March 26, 2013 by Jason Rice MD
Like many Americans, my lineage is a mixed bag of European ancestry, but primarily I am of Austrian and Hungarian descent. While my love of coffee may be directly from Vienna, my general distaste for baking leaves the endless bounty of Austrian pastries well outside of my culinary wheelhouse. On the other hand, hearty Hungarian entrees are right up my alley. There are a few Hungarian influences present in my cooking (like the Hungarian hot peppers that are the secret weapon in my chili).
But, generally when people find out that I have a Hungarian background and a food blog, I hear things like, “You must make a great goulash,” or “Can you teach me to make chicken paprikas?”
And, well, the answer to both of those is sadly, no. The flavors I grew up eating have definitely colored my culinary leanings, but I’ve never really learned to make any of the traditional dishes. My grandfather, who was a butcher in Hungary, would be very disappointed that I have not mastered some of these dishes.
I pulled my Hungarian cookbook off my shelf and started reading it this week.
All of my favorite recipes are in it, and I plan to start tinkering with them. I will use them as a basic framework and adjust seasonings and ingredients until I get them the way I remember them and likely with a little of my own twists as well. (The photos below are all taken from Culinaria Hungary. I take no credit for them, but obviously can’t photograph my own dishes until I try them. It’s a beautiful book full of culinary and cultural history as well as some excellent recipes.)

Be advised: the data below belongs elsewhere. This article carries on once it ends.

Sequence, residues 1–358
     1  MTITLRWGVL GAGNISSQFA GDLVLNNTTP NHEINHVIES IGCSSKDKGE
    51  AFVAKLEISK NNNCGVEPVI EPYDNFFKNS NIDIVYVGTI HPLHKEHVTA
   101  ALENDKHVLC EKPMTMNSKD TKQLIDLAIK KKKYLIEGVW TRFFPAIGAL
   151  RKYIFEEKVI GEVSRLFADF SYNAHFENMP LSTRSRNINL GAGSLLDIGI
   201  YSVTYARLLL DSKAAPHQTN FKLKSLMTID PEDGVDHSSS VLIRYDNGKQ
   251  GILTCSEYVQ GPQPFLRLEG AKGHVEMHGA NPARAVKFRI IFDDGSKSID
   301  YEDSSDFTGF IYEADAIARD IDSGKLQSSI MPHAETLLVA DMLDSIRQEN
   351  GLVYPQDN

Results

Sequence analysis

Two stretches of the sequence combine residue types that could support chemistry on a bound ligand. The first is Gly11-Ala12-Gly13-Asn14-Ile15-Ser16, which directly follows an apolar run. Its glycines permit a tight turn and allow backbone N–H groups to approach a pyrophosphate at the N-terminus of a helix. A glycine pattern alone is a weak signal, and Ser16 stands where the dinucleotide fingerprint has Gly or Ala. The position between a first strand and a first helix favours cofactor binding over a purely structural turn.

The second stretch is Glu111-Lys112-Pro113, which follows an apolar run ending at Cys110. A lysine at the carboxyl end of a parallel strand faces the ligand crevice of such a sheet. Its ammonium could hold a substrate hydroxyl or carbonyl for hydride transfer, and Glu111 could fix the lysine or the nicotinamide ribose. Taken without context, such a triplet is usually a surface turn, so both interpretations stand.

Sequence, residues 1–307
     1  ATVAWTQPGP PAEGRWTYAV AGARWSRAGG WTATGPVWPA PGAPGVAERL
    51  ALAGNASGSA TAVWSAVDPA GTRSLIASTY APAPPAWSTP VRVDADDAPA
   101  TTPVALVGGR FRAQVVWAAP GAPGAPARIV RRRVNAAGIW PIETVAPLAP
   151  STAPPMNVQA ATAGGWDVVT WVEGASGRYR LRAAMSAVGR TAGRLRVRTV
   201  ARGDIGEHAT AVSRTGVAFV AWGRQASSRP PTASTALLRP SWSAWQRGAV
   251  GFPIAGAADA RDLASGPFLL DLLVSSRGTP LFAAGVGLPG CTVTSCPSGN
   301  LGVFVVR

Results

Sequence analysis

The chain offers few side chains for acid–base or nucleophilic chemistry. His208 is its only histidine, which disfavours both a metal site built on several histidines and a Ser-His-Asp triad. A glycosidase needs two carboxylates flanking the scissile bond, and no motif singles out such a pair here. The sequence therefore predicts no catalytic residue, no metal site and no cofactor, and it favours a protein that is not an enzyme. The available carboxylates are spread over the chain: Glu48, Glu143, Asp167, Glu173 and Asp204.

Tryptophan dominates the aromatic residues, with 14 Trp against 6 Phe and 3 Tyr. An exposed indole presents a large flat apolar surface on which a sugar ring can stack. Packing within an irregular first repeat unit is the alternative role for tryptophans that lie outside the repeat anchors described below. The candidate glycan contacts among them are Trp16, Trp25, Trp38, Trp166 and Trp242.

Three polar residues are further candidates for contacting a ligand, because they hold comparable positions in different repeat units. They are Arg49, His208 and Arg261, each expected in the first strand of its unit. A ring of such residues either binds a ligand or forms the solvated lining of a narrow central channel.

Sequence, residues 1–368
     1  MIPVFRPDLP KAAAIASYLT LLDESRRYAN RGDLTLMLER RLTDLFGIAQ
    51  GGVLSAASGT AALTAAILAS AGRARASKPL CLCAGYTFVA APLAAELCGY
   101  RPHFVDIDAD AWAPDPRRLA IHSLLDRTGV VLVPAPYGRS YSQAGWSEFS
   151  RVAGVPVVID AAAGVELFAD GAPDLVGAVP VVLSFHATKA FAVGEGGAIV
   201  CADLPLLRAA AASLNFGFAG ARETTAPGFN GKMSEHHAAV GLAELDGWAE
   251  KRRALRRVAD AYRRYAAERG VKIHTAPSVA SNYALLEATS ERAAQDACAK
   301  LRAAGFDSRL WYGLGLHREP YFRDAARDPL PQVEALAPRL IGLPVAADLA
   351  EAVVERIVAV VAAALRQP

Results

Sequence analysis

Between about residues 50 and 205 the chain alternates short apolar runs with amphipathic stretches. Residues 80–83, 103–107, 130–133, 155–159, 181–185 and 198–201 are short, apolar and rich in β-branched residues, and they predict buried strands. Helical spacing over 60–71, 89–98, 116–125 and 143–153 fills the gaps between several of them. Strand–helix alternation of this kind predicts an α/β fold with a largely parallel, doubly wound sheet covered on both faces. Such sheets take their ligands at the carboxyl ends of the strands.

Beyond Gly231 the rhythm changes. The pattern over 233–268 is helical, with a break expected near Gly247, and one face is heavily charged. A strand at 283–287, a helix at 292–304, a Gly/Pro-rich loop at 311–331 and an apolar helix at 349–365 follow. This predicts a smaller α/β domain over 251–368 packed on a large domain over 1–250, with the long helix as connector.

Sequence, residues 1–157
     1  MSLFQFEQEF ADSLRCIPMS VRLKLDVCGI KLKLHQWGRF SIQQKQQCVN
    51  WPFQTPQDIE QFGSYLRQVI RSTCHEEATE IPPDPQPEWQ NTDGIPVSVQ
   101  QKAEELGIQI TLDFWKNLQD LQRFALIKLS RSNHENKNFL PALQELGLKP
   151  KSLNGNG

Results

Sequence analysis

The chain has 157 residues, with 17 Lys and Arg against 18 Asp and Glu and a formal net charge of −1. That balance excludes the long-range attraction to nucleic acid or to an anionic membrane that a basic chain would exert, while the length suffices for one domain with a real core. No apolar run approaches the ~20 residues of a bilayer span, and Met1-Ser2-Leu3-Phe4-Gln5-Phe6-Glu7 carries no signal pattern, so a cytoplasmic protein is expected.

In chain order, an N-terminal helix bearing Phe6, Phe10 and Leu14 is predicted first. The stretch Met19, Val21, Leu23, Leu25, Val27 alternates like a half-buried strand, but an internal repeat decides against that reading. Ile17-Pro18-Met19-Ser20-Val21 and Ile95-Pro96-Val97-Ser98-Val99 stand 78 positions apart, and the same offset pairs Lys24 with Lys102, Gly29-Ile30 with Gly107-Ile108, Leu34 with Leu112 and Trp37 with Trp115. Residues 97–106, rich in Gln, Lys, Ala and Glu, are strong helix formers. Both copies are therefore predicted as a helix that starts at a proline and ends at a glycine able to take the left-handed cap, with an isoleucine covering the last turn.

I have no timetable on getting these all put together, and a lot of it will depend on how much tweaking goes into getting it the way I remember it as opposed to the way the recipes are written. But, as I start to get into some of these recipes, I will definitely post my results and hopefully start passing on some of the Hungarian dishes I love.
In the meantime, another favorite Hungarian specialty I greatly enjoy is Egri Bikaver. Also known as Bull’s Blood, this is a great full-bodied red table wine. I am not a wine expert, so I won’t go into all the details…for me, a great wine is one that has some big flavors that I enjoy and compliments a wide range of foods. This particular wine goes well with just about anything, especially the dishes pictured above. To sweeten the deal, it’s typically $5 or less and is available just about everywhere I’ve ever purchased wine.
Sorry for such a long post without an actual recipe…more to come soon, though. If there are any Hungarian or Austrian dishes you have had that you would like me to try to recreate and post, please leave a comment, and I will do my best to cook it and write it up in an upcoming post!